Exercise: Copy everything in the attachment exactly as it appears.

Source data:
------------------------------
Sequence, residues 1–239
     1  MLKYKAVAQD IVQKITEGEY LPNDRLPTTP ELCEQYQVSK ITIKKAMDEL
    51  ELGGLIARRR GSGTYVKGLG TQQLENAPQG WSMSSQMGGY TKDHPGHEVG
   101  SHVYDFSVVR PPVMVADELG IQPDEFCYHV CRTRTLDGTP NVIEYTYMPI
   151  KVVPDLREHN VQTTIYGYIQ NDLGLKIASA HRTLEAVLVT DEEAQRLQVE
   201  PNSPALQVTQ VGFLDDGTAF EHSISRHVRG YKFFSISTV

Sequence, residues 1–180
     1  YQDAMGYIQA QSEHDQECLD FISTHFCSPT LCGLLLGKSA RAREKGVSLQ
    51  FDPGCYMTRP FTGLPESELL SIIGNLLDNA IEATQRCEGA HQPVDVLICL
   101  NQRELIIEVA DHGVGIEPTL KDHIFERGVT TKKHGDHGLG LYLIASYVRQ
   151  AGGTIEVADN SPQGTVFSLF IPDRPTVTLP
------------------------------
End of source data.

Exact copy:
Sequence, residues 1–239
     1  MLKYKAVAQD IVQKITEGEY LPNDRLPTTP ELCEQYQVSK ITIKKAMDEL
    51  ELGGLIARRR GSGTYVKGLG TQQLENAPQG WSMSSQMGGY TKDHPGHEVG
   101  SHVYDFSVVR PPVMVADELG IQPDEFCYHV CRTRTLDGTP NVIEYTYMPI
   151  KVVPDLREHN VQTTIYGYIQ NDLGLKIASA HRTLEAVLVT DEEAQRLQVE
   201  PNSPALQVTQ VGFLDDGTAF EHSISRHVRG YKFFSISTV

Sequence, residues 1–180
     1  YQDAMGYIQA QSEHDQECLD FISTHFCSPT LCGLLLGKSA RAREKGVSLQ
    51  FDPGCYMTRP FTGLPESELL SIIGNLLDNA IEATQRCEGA HQPVDVLICL
   101  NQRELIIEVA DHGVGIEPTL KDHIFERGVT TKKHGDHGLG LYLIASYVRQ
   151  AGGTIEVADN SPQGTVFSLF IPDRPTVTLP